Diamonds that are dug up in the ground are formed naturally through a combination of heat, pressure, and time. Lab-grown versions, however, recreate this process in as little as four weeks. There are two main approaches: high pressure high temperature (HPHT) and chemical vapor deposition (CVD). HPHT diamonds are created in a closed chamber using high levels of heat and pressure, while CVD diamonds are placed in a sealed vacuum at a temperature of 800 degrees Celsius. "The longer the time in the vacuum, the larger the rough will grow," explains Jogia. CVD diamonds are type IIa, meaning they are purer diamonds that contain little to no nitrogen.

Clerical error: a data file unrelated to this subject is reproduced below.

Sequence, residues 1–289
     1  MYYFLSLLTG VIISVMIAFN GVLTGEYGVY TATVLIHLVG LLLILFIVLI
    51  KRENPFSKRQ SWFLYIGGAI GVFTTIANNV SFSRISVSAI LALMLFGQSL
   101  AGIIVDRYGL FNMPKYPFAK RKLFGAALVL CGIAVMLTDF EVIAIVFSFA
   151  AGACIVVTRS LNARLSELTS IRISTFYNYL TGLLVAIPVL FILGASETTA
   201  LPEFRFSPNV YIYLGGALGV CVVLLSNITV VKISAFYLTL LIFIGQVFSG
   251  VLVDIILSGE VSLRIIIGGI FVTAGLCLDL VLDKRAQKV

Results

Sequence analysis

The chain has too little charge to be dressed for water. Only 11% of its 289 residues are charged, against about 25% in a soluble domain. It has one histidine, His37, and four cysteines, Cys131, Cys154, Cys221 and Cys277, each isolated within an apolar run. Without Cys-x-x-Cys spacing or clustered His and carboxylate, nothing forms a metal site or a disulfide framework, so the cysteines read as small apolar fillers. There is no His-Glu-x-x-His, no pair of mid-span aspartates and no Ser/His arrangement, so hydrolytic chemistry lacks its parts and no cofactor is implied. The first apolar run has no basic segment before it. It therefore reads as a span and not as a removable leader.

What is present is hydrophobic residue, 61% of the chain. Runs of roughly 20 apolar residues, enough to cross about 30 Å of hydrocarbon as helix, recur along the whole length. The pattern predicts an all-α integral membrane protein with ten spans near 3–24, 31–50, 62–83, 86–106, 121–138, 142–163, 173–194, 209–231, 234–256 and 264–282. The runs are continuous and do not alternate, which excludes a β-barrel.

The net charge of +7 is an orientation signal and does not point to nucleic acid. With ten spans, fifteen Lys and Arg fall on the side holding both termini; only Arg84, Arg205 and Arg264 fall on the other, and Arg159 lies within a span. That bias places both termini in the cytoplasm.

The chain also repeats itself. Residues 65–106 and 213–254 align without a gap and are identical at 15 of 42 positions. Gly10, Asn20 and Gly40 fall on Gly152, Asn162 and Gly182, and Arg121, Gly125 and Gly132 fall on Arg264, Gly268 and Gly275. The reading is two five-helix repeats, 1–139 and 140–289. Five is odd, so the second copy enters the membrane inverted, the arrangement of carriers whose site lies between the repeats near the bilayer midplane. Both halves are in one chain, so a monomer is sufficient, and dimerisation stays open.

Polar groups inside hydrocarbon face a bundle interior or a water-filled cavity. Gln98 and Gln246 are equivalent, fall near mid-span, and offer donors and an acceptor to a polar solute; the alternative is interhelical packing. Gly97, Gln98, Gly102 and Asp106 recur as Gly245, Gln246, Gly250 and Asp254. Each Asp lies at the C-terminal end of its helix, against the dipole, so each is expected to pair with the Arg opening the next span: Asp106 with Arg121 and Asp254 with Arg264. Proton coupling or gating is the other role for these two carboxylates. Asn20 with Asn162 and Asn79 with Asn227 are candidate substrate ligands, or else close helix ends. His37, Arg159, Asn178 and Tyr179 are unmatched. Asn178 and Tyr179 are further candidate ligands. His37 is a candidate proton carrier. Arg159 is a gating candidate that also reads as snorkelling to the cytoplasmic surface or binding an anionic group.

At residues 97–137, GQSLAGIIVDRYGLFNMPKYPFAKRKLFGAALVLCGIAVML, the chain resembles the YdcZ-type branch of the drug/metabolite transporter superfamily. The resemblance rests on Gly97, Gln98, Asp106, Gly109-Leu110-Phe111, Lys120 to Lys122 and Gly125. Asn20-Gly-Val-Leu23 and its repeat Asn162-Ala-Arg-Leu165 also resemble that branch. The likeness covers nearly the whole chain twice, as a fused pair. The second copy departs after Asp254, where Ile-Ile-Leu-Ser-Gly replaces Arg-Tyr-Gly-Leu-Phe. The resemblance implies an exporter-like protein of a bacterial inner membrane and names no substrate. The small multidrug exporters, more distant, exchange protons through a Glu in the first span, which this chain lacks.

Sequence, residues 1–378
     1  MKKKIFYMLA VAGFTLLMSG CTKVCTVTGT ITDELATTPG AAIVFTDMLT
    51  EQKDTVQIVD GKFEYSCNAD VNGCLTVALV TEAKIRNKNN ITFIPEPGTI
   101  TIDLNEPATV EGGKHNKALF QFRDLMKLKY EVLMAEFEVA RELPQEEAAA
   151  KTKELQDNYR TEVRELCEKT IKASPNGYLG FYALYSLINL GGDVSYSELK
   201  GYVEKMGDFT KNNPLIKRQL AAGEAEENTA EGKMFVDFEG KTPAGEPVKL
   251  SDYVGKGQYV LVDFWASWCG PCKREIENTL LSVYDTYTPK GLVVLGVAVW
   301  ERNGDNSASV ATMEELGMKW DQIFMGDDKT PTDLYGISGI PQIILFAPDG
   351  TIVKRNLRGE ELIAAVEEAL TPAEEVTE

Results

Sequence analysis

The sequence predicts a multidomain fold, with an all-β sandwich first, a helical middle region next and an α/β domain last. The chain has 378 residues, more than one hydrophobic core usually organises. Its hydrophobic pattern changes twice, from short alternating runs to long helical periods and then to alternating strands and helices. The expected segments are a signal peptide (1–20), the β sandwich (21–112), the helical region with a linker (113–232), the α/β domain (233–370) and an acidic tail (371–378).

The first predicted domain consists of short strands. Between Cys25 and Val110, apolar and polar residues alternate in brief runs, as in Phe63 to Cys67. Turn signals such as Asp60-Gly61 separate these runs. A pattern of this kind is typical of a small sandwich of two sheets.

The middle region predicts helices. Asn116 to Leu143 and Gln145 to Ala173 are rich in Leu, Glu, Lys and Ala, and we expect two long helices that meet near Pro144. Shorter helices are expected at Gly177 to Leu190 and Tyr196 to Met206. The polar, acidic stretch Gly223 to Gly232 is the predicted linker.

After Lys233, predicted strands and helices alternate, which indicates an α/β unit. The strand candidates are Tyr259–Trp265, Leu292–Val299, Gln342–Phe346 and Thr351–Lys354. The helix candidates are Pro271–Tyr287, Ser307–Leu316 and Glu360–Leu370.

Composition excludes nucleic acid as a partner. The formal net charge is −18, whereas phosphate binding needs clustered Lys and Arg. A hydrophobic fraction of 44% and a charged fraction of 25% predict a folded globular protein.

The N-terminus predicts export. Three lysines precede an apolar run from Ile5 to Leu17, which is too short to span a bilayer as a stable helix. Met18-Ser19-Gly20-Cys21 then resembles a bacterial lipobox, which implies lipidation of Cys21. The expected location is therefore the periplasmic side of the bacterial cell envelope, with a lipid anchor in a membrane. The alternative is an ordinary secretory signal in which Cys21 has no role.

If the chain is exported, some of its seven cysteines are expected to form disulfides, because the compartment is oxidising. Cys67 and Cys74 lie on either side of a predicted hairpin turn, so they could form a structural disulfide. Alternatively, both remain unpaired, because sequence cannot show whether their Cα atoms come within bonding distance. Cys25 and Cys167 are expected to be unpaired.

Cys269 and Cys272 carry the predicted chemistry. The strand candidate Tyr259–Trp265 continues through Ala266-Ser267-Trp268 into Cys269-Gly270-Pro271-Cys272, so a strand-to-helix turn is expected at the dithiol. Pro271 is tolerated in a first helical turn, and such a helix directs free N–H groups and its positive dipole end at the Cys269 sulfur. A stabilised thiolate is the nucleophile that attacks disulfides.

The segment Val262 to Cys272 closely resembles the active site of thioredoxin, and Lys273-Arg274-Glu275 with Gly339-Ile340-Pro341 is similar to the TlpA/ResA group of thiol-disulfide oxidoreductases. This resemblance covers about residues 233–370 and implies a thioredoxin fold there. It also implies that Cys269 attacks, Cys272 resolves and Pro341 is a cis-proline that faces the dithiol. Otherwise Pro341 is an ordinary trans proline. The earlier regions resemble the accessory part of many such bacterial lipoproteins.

Essentially, lab-grown diamonds replicate nature's process in a controlled environment with a fraction of the environmental footprint. It's important to note that once the diamonds are formed, they are uncut and unpolished just like mined diamonds. "The process of readying them for jewellery is the same as what a mined diamond must undergo at that point," Chavez says. Translation: The diamond will then get assessed for the four Cs: cut, colour, clarity, and carat. The length of time for cutting and polishing depends on the use of material. "The cutter will decide if it's best to cut one stone or many stones from one piece of rough diamond material," Jogia says. Then, the type of cut — round brilliant, radiant, cushion, emerald, or oval — will be determined. And finally, each stone will be graded by an international lab.